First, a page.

Pregnant women told to avoid alcohol

26 March, 2008

Women have been advised not to drink any alcohol during pregnancy, despite no evidence that small amounts are harmful.

Women have been advised not to drink any alcohol during pregnancy, despite no new evidence that small amounts are harmful.

Revised guidance issued today by the National Institute of Clinical Excellence, recommends that women avoid drinking alcohol in the first three months of pregnancy and if they choose to drink after that time, it should be no more than one or two units once or twice a week.

Although the latest guidelines say there is no new evidence that low levels of alcohol can harm unborn babies, those in draft guidance issued last year said women could drink a small glass of wine daily after the first trimester – advice which conflicted with that from the Department of Health who said women should abstain from alcohol throughout pregnancy.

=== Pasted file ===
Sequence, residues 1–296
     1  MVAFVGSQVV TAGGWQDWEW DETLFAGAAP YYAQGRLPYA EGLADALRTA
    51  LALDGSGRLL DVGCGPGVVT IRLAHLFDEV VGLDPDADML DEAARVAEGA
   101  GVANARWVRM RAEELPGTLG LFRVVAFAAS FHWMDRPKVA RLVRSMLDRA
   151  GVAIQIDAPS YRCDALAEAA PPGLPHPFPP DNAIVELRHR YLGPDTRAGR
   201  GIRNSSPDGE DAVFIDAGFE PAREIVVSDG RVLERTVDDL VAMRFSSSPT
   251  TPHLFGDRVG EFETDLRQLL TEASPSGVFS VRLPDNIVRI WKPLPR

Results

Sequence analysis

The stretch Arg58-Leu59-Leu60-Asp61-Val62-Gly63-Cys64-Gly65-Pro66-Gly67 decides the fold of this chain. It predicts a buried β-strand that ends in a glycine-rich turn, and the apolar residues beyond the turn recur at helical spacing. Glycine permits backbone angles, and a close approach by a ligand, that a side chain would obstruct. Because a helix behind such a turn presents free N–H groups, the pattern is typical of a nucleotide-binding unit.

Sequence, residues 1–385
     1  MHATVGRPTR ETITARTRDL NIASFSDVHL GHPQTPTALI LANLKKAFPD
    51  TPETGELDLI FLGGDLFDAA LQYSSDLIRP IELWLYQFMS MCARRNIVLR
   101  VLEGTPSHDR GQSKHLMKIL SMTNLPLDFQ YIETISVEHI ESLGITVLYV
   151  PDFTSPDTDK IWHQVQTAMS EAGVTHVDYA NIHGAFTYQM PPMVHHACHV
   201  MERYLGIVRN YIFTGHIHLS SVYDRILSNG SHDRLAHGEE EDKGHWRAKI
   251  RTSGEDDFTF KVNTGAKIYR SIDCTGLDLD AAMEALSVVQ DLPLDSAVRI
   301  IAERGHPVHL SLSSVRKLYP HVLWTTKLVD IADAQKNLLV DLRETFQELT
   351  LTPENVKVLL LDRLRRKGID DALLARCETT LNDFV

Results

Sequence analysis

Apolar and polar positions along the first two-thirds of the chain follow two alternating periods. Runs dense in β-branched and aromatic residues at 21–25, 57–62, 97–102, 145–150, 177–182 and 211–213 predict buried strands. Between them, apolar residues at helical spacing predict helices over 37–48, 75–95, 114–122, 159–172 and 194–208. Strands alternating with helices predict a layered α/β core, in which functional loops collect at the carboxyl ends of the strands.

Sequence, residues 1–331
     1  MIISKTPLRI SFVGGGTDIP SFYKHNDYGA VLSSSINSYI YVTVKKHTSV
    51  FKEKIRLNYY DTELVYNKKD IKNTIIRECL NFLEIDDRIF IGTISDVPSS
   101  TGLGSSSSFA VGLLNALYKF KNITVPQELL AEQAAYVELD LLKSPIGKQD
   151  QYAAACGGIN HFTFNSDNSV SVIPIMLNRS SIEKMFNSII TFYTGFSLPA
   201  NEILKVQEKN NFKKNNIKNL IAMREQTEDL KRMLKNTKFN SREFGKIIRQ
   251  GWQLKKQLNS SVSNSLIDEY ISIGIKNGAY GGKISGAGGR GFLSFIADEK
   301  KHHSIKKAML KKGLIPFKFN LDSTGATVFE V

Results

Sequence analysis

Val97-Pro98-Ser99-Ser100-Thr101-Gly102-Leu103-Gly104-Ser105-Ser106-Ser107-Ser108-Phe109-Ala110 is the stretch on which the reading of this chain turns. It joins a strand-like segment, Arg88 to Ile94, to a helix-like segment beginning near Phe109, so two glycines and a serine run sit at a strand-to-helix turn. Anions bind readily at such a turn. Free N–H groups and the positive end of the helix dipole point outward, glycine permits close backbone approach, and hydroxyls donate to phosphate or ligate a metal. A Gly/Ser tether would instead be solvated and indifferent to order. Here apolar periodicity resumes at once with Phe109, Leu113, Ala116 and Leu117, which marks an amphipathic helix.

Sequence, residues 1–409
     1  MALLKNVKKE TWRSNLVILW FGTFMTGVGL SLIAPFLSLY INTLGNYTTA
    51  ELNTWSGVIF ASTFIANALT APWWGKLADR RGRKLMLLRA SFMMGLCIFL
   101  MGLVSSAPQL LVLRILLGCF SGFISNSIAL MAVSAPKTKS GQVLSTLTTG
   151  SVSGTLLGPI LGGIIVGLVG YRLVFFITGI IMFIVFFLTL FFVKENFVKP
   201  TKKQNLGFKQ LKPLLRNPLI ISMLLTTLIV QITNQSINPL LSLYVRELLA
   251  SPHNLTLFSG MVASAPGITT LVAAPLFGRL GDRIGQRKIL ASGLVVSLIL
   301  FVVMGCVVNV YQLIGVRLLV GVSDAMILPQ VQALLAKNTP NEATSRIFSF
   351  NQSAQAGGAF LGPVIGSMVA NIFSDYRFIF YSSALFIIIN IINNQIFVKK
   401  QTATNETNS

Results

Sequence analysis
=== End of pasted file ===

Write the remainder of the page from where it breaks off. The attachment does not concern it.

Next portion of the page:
The Wine & Spirit Trade Association said the different guidelines could be seen as "confusing".

"It is best if policy guidance is evidence-based and it is probably not surprising if people are confused given the range of different advice given," a spokesman said.




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Richard Hemming MW: beware inverse snobbery

Few things can bring communal pleasure so intimately as wine. Apart from a hot tub, perhaps. Sport can trigger mass jubilation, film gives us shared empathy, but wine has a nigh-unique ability to bestow conviviality among us through a shared bottle – which makes it especially galling that we spend so much time divided over it.

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